9th April 2010
In its Annual Report 2009, the Data Protection Commissioner reports that it reviewed the latest version of the Spent Convictions Bill adopted by the Government in the last year, calling for Spent Convictions legislation to be passed.
IPRT believes that the Spent Convictions Bill needs to be brought back onto the political agenda with urgency. A lack of legislation in this area means people who are convicted, even of less serious offenses, are 'punished for life.'
The lack of legislation in this area in Ireland means that people with a criminal record face barriers to employment, travel restrictions, difficulty in taking out mortgages or getting insurance cover, and in some cases, barriers to education. In short, they face barriers to successful reintegration and rehabilitation into society. And in the absence of this support for getting on with their lives, there is an increasing likelihood of reoffending.
It is in everyone's interest that this legislation is passed.
Excerpt from Data Commissioners Report 2009
Spent Convictions Bill
My Office was originally approached during 2008 for observations in relation to a Private Members' Bill - Spent Convictions Bill 2007. During 2009 we reviewed the latest version of the Bill adopted by the Government (Spent Convictions Bill 2007) and provided further comments for consideration. We welcome being consulted in regard to this important issue from both a data protection and human rights perspective. Ireland is one of a small number of EU Member States without substantive legislation in place providing for the spending of certain convictions after a stated period of time. The lack of legislation in this area has been a specific concern of this Office for a significant period of time given the requirement of the Data Protection Directive to set retention periods for personal data. The lack of set retention periods places persons convicted here, sometimes of minor offences a long time ago, in an unfavourable position in comparison to persons convicted of the same offences in other EU member states.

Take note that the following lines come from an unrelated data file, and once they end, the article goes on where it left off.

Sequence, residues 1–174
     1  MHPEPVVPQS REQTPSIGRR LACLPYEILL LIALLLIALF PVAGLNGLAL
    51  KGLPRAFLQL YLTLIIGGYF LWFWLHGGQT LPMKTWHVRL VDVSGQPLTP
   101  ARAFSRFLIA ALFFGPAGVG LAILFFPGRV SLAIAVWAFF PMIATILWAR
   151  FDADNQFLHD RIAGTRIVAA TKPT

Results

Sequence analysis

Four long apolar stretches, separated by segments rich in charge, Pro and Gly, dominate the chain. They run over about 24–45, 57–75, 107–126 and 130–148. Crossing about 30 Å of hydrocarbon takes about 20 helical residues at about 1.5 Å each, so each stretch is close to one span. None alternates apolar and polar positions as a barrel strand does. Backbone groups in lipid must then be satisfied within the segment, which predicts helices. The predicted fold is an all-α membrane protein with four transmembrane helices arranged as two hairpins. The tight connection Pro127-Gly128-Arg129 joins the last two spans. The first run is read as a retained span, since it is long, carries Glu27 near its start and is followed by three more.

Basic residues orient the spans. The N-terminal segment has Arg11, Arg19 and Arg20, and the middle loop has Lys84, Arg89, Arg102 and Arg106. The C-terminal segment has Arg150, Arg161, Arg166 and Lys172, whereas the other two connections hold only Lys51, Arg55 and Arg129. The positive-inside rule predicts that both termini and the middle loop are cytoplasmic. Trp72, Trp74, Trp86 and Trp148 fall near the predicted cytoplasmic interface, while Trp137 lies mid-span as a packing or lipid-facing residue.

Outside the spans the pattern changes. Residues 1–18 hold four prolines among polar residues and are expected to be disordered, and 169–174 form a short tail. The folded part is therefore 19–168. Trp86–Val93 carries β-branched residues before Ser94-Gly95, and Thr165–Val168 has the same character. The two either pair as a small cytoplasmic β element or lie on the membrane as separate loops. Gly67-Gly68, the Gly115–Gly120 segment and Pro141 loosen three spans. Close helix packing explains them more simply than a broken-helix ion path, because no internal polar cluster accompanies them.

Read the full report here.